Otherwise, it is the same. When the printed notes go up, the sung notes go up. When the printed notes go down, the sung notes go down. This is not different from modern notation: in reading from left to right, you may go up or down one whole step, one half step, a major third, a minor third, a perfect fourth, and so on.
The only remaining question is: how do you know if the relationship of a space to a line or a line to a space represents a half step or a whole step? The answer is simple. There are two half steps in a Gregorian scale. The rest are whole steps. The trick, then, is to find the half steps among the neumes.
Finding the half steps is not difficult. Think of a C scale, the white keys of a piano starting on middle C going to the next C. Since neumes have relative pitches, the C is described as Do. You can make any note the Do and go from there. No matter what you call Do, the scale has 5 whole steps and 2 half steps. The half steps occur between E and F (or Mi and Fa) and between B and C (or Ti and Do).
With Chant, this sequence of whole and half steps does not vary. The only thing that changes is your starting point. If, for example, you begin on Do and end at Do, the placement of whole and half steps will be as follows: whole, whole, half, whole, whole, whole, half. If you begin on Re, the relationship of the whole and half steps to each other will still be the same; again, only your starting note has changed. Your Re to Re scale will sound like this: whole, half, whole, whole, whole, half, whole. Once you understand this "slide rule" principle, you will be able to sing any chant melody.
The best method for learning this is "solfege," the do-re-mi system of singing that Maria used in the Sound of Music used to teach the children. That song is a charming Hollywood creation but it is based on the way people learned chant for centuries.
If you don't know that system, there is another way. See the clef marking at the beginning of the chant.
This is the C or Do clef. It always rests on a line. The Do clef simply tells you where Do is. The space just beneath this is sung a half step lower (Do to Ti)
The other half step occurs between the Mi and Fa.
Again, the first half step occurs on the space just under the line marked by the clef. From that note in the Do clef, count down three whole steps, landing on Fa. The next space down is another half step. So if we count down from the note marked by the C clef, we get: half, whole, whole, whole, half, whole, and then whole.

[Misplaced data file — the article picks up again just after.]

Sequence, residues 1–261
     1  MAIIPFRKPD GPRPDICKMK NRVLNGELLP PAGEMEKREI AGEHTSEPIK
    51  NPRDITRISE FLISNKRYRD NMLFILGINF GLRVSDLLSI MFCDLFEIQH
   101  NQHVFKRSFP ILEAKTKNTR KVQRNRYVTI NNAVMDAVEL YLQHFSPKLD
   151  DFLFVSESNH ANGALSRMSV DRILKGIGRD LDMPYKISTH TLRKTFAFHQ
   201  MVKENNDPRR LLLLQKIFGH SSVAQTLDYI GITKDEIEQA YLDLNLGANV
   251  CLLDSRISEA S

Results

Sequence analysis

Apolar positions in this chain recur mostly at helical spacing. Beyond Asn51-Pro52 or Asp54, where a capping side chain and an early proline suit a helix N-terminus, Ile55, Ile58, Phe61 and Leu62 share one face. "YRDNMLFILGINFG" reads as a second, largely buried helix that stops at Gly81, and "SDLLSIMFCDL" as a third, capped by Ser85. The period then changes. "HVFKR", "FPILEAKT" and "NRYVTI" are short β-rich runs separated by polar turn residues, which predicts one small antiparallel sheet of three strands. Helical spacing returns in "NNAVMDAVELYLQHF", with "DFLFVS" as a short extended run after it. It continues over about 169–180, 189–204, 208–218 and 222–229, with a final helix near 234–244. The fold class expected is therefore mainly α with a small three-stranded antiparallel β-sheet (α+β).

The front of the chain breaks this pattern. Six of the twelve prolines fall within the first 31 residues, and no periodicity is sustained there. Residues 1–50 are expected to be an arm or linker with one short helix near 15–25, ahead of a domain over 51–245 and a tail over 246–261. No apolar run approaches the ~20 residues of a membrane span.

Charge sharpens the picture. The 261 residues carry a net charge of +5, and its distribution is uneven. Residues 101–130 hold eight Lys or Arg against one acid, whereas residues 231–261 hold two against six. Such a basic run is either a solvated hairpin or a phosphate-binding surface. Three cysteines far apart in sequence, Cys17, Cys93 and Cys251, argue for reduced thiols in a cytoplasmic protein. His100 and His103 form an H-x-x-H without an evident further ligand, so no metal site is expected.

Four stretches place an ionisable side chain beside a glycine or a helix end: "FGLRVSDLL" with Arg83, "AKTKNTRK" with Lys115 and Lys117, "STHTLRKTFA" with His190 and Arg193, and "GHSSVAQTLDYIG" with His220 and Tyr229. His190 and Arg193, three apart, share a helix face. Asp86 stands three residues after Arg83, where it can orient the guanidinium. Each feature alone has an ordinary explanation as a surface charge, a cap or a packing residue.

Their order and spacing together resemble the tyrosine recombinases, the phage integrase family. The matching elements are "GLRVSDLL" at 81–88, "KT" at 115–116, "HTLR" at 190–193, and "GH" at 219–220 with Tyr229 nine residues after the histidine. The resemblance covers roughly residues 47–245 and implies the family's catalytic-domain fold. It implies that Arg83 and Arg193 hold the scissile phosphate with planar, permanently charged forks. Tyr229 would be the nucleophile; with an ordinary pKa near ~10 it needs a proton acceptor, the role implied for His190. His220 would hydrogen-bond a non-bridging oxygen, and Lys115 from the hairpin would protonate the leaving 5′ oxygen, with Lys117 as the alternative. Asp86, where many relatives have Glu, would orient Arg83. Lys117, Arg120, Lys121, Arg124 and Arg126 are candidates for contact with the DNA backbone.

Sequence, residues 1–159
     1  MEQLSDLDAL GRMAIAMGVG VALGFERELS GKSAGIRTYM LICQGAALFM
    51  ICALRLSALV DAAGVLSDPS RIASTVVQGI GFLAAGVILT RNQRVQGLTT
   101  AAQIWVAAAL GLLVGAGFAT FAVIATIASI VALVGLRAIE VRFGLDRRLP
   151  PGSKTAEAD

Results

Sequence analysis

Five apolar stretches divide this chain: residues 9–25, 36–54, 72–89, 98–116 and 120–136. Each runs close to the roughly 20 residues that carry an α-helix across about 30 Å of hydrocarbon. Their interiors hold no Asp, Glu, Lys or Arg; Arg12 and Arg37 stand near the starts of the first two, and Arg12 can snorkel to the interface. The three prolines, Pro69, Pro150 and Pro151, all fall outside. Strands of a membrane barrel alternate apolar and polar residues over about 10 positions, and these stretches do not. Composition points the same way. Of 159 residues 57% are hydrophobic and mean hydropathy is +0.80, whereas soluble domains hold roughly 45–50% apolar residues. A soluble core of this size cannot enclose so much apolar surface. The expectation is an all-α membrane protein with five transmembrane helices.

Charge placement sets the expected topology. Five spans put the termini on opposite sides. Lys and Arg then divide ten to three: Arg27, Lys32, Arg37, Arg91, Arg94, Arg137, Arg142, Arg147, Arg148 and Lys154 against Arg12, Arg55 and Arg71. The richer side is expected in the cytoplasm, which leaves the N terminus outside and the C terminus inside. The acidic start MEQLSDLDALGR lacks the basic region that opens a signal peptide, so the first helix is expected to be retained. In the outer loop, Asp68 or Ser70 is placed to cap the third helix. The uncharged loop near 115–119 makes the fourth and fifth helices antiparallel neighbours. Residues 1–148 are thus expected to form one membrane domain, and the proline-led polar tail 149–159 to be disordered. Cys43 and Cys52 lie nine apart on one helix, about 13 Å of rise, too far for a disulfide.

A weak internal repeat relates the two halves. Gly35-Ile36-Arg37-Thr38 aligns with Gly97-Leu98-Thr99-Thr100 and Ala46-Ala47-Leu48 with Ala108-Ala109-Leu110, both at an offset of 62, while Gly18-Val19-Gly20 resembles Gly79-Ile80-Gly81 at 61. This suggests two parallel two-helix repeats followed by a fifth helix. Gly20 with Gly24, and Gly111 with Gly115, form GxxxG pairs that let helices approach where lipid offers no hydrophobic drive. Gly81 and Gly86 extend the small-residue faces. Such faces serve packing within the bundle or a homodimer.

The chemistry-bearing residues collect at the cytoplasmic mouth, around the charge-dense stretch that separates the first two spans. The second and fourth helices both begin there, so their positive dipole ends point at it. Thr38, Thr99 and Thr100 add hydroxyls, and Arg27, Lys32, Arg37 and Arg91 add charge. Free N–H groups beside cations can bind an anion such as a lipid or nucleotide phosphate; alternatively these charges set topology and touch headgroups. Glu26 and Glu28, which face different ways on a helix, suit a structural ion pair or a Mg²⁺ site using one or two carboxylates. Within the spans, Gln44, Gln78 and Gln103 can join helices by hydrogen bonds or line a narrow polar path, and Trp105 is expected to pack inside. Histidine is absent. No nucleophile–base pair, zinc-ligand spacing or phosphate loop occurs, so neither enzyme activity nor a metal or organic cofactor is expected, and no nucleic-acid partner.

The same holds if we are using the F or the Fa cleff, as well.
The Fa cleff rests on a line. It tells you where the Fa is. The relationship of half to whole steps stays the same. The pattern will be as follows, starting on the Fa and moving down: half, whole, whole, half, whole, whole, and then whole.
A chant rarely has a range that extends beyond this. But it can extend upward, with another half from the Mi to the Fa going up from the Do.
That's the whole answer to reading the melodies. If you ever sit under the direction of a chant master, you will hear him (under his breath) running up and down scales all the time. He will find a starting pitch and move quickly down or up to find the starting note.
If you get confused, just look at the piano keys and place the starting clef note as C and walk down the white keys to find the half steps and whole steps. If you play a musical instrument, you can think of the notes as they occur in a C scale. But always remember that your instrument is your voice, and your goal is to coordinate it with your mind and heart.
There are only two clefs in Gregorian notation:
The Do clef or the C clef:
and the Fa clef or F clef:
The clef works as a signal for you to find the melody. It can appear on most any line. It is not the tonic or centralizing pitch of the piece of music. It is there only to orient you to the relationship between the notes, or the whole steps and half steps. It marks the spot below which the half step occurs. That is why it exists.
Why are there two clefs and not just one? Each indicates a different range in the scale where the chant is centered. By carefully choosing a clef and a line on which it is placed, the entire line of notes can easily fit on the staff and become easily readable.
But don't be distracted by terms C and F. We are better off thinking of them as Do and Fa. That's because, unlike modern notation, the singer enjoys complete freedom of choice on placing these notes within the comfort zone of singing. The clef sign indicates C or F but the sound you make (or hear) can start anywhere that feels right, which is to say that chant can be transposed into any range.
It's fine to begin the discovery process by using the piano or some other instrument. But it is important to move away from the piano soon after. You can move the pitch up or down as much as needed to accommodate the voice. Any voice of any range can sing the chant if you choose the starting notes properly. It is a good idea to keep a pitch pipe nearby. You can use it to find a comfortable starting pitch, and then check related pitches as you learn the chant at hand.